Harry Sutton sprang up from bis chair with in square. The Misses Bellenden are in a bound that shook the room till the china want of music-lessons from a first-rate proshepherdesses on the mantelpiece chattered with fessor. I mention my friend, dubiously, as agitation.

though thinking it probable he is too proud “ What is it?" he asked.

and too great a man for it: they have seen There you are again! Upon my word some of his pieces'--fact, Harry-and snatch your amazing energy makes a fellow envious. lat him eagerly. All is arranged."





“Not to a father and mother, Harry. If “ Awaiting his consent. As to the fees-ob, there is any other trifle" by Jove, enough to make my pictures turn “George,” said the young musician, going yellow with envy! The young ladies are as up and putting a hand on his friend's arm, proud as-well, well, they are horribly proud, “Will you listen to me for a few minutes ?" stiff, and not beauties by any means; so you George nodded. won't be making an ass of yourself. Come, “May one smoke, Sutton ?" old fellow, the thing is done."

“Yes, yes. You remember when I was in Harry finished a figure of eight he was de Germany, two years ago ?” scribing on the carpet with his boot toe.

“Don't I? At least, I remember the beard “Can't you speak, Sutton?"

you brought back, and the long curls - ah !” “Is not Sir Miles married ?"

“Very well. You know that I went alone, “Married! no, certainly not, unless he keeps and that I was detained on my way by an his wife in a remote closet well?”.

accident. Imagine all the details of the acci“I'll do it."

dent related, and behold me, after all sorts of “Good. Take off that beast of a dressing - hardships, taken in by the inhabitants of a fine, gown, and put on your coat. We will go at but rather ruinous old château in a certain deonce.

partement of France. I will make my tale as Harry went to the door, and took two steps short as possible, George. The family conback again. His face was very pale.

sisted of a middle-aged gentleman, his young “George Burford,” he said, " you don't daughter, a housekeeper, and servants. The quite know what you are doing. You mean gentleman was English, and his name Rutherwell and kindly, and if mischief comes of this ford" I hold you blameless, but never say I sought it . Any relation to the-->"; out myself.”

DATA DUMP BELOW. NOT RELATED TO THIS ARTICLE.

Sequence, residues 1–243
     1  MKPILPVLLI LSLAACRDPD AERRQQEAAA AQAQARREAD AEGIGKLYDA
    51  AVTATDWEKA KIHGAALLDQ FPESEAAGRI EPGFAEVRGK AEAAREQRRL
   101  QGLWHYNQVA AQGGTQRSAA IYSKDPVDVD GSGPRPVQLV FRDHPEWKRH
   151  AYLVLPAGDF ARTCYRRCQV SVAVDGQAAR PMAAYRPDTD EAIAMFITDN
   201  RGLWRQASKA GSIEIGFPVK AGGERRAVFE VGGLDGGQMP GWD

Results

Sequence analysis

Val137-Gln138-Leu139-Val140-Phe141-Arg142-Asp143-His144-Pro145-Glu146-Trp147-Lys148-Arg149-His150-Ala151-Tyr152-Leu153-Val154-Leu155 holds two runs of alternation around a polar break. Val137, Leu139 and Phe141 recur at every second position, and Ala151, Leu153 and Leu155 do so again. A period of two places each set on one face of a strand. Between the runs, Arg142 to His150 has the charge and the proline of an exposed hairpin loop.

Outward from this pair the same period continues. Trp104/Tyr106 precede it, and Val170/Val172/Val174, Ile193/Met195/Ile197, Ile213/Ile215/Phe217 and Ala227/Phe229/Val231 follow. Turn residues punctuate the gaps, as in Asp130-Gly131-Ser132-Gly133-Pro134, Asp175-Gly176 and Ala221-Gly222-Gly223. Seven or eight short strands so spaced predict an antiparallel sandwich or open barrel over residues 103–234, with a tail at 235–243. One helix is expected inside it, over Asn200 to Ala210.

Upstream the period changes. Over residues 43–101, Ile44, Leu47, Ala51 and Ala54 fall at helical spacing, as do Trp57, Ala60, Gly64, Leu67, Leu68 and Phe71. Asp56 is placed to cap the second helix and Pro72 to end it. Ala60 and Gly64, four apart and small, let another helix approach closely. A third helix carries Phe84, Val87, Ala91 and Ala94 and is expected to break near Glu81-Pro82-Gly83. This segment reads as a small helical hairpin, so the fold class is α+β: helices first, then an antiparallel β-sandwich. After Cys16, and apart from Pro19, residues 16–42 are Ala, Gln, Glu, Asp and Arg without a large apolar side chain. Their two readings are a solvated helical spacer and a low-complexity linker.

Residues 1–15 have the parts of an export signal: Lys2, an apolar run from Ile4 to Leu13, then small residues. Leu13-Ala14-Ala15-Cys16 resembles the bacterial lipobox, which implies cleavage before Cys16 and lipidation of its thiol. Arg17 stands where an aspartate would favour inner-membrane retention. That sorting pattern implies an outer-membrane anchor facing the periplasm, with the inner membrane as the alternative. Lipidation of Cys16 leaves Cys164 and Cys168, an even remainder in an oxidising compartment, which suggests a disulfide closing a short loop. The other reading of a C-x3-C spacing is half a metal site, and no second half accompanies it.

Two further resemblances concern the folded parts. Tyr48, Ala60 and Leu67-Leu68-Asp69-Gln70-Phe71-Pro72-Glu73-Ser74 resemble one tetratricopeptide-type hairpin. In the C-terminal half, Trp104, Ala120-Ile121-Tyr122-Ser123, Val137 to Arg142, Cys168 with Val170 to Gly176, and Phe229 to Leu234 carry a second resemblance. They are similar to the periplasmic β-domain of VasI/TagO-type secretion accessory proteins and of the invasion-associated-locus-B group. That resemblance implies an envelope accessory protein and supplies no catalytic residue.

“Don't stop me, you will hear who he was. “He's mad,” ejaculated George, staring Of course he welcomed his countryman, but at the ceiling. “Quite mad. I believe all more than that, he took an especial fancy to these musical geniuses are, more or less. me, and when I got well, instead of going on to Very well, Harry; never say you sought it out Bonn, 1 lingered at the château. It was a - that's all, is it?' Now go and put your coat dangerous experiment and I knew it, for, as

you will easily guess, Mr. Rutherford was not my attraction, though I liked him well enough. At first he used to go with us for short walks

in the neighbourhood, as my injured foot would CHAP. II.

bear them; but he was a great bookworm, and

very soon his daughter Marie was my oply George Burford was busily engaged upon a companion. Think of that, George! One picture which he meant to call “The Remorse evening-I shall never forget it-she had taken of Virginius." He had just put the finishing me to see the sun go down into the sea from touch to the nose of the stern Roman, and was a certain famous rock. The walk was a long leaning back in artist fashion to survey the one and my ankle not yet strong. When she effect, when the door opened noisily and Harry saw my weariness and pain she insisted on Sutton rushed in.

rolling up her own cloak and making me use it “Burford,” he said, going up to him, “put as a footstool. I don't know how any other man away that brush.”

might have felt, watching her do this : the sun “Cool, I must say,” retorted George, twirling was setting red and glorious, it sent a halo upon the pallet on bis thumb. “Anything else ?' the brown hair under her hat, it shone upon “I am in earnest, indeed I am."

her face as she looked up at me with a smile “Well, I should say you were. You do not and asked was that better, was I easier? look like a man in a jesting humour. Say on, “I bil my lips, George, and ruled my tongue, I am listening.”

but what man can govern the expression of his “ What am I, George !"

face? We were silent afrer that; she sat on the “Why really," said George, staring at him, rock still, but very quiet and thoughtful. I did not “ unless you mean me to answer a madman, I dare to trust my voice, but I would have borne cannot say.

all the pain, aye, double and treble the pain I “Don't trifle with me. I want to know who suffered in walking home, for the touch of that I am.

tremulous little hand on my arm, as it was then. “Oh, if it's a case of 'Had she a father, had And yet I did not speak my thougbts.” she a mother? Who was her sister, who was “She knew them, I suppose?" her brother d' upon my word, my dear fellow, I “I don't know, I have never known; but she know no more than the man in the moon. We was very young. When we reached the gardenmet. You were attracted to me naturally. gate Mr. Rutherford met us. I don't know I took pity upon you, and rewarded you with what he saw or thought, but he looked at me my friendship. I never asked you about your and stopped_abruptly; then he looked at his ancestry, and you did not tell me of them.” daughter earnestly, and finally gave her some